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Facebook apologizes for video viewing-time error

Facebook's logo is seen through a magnifier in front of a displayed PC motherboard, in this illustration taken April 11, 2016. (REUTERS/Dado Ruvic/Illustration)

Facebook's logo is seen through a magnifier in front of a displayed PC motherboard, in this illustration taken April 11, 2016. (REUTERS/Dado Ruvic/Illustration)

Facebook apologized on Friday for what it described as a “miscalculation” in the way it reported how long, on average, videos on the site were viewed— an error that caused the metric to be exaggerated.

The error stemmed from how the company did the math on video viewing length, taking into account only people who watched a video for three seconds or more, the social media giant said. If the company had taken into account views that were less than three seconds, the average duration of video viewed would be shorter.

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“As soon as we discovered the discrepancy, we fixed it,” David Fischer, the company’s vice president for business and marketing partnerships, wrote on Facebook on Friday. “We informed our partners and made sure to put a notice in the product itself so that anyone who went into their dashboard could understand our error.”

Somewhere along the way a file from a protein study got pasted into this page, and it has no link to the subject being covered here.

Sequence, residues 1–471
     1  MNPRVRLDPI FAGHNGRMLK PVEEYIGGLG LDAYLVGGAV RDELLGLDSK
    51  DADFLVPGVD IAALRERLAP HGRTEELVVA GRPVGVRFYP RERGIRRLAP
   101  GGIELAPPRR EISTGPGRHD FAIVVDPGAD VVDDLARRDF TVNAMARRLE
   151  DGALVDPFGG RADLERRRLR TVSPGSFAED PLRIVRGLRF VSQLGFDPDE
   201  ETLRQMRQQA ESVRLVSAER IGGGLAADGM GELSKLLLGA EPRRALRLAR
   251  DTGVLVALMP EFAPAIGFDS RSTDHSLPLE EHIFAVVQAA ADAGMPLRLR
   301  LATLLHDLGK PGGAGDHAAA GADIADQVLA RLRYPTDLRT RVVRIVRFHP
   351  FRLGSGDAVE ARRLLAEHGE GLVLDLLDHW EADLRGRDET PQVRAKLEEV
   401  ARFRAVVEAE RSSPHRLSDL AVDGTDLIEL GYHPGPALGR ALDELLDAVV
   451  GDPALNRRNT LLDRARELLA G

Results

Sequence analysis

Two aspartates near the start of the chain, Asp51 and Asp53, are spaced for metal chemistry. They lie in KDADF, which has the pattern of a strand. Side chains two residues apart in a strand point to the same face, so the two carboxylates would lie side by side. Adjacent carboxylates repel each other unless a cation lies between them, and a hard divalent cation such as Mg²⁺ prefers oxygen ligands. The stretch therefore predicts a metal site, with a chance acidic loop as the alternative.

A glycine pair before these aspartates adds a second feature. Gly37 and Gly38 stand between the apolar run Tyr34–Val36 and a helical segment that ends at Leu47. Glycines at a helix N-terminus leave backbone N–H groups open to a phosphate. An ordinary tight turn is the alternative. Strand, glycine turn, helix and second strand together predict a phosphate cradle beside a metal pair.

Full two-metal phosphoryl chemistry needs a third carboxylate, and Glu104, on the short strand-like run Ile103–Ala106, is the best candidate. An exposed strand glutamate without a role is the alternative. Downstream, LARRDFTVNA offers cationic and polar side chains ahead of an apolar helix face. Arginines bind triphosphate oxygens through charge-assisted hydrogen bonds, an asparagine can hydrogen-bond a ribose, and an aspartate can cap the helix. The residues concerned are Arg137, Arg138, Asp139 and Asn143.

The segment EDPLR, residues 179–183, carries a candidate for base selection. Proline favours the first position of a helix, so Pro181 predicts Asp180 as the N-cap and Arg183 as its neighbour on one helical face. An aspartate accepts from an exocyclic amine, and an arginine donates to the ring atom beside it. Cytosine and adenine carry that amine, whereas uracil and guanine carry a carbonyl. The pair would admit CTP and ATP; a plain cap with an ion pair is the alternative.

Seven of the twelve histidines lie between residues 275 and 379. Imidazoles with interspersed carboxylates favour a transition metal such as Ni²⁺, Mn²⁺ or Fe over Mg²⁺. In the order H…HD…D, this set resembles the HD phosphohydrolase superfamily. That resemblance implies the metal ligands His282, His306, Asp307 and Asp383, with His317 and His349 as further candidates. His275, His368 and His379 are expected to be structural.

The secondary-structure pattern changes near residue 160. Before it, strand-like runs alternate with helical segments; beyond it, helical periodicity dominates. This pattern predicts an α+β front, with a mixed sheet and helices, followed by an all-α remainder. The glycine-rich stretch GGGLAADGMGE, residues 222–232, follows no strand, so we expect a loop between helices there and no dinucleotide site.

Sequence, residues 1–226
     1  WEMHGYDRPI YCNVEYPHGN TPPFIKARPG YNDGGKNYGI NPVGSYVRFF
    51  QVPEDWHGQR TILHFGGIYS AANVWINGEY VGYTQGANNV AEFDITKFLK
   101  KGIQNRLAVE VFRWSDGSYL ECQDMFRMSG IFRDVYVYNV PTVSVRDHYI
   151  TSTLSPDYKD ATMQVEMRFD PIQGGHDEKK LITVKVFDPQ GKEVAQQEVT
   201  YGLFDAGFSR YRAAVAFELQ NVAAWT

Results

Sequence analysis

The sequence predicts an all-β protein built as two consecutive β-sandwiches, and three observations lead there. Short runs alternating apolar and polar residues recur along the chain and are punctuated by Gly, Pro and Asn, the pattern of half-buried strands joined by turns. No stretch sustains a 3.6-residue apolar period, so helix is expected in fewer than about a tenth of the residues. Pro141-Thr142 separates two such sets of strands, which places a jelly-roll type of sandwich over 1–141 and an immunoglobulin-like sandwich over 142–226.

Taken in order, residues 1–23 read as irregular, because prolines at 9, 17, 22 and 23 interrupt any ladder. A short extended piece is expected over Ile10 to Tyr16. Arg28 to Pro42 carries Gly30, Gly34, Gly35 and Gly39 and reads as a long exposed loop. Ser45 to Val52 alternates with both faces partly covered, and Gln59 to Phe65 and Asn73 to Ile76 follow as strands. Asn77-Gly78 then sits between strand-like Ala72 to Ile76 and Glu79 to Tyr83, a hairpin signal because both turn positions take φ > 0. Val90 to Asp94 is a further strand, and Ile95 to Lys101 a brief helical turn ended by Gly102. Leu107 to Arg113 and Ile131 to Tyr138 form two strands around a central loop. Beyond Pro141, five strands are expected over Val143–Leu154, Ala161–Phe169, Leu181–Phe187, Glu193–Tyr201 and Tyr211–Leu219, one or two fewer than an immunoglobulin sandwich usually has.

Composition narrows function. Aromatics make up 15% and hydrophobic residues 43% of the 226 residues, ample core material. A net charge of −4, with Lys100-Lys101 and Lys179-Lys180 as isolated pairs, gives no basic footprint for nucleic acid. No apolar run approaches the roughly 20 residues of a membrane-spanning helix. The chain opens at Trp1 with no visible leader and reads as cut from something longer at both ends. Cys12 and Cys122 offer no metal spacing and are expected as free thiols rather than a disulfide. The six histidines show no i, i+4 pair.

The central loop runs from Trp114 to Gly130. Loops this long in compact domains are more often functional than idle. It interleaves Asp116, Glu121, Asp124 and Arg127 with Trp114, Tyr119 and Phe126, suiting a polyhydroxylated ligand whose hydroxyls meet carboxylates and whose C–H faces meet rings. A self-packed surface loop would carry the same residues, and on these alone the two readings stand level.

Fischer said that they first noticed the mistake “about a month ago.”

Metrics like the average amount of time a video is watched matter to advertisers. The Wall Street Journal reported that average video watching time had been overestimated by “between 60% and 80%.” That information came from a letter that Publicis Media, an ad-buying agency, sent out in August, which the Wall Street Journal viewed.

“We sincerely apologize for the issues this has created for our clients,” Fischer added, in the Facebook post.